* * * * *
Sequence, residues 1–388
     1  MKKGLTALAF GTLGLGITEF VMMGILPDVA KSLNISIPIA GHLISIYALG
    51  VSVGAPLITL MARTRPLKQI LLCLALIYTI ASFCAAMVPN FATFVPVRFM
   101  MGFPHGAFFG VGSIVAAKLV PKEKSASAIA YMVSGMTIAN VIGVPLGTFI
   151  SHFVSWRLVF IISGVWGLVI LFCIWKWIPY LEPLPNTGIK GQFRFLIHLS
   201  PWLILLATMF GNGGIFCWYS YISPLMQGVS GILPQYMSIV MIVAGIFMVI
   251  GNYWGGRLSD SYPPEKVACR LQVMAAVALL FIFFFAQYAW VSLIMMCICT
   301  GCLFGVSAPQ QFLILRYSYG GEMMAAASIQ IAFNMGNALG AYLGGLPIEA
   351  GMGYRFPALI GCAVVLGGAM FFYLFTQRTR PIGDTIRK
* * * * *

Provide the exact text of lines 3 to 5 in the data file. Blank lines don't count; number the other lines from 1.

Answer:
    51  VSVGAPLITL MARTRPLKQI LLCLALIYTI ASFCAAMVPN FATFVPVRFM
   101  MGFPHGAFFG VGSIVAAKLV PKEKSASAIA YMVSGMTIAN VIGVPLGTFI
   151  SHFVSWRLVF IISGVWGLVI LFCIWKWIPY LEPLPNTGIK GQFRFLIHLS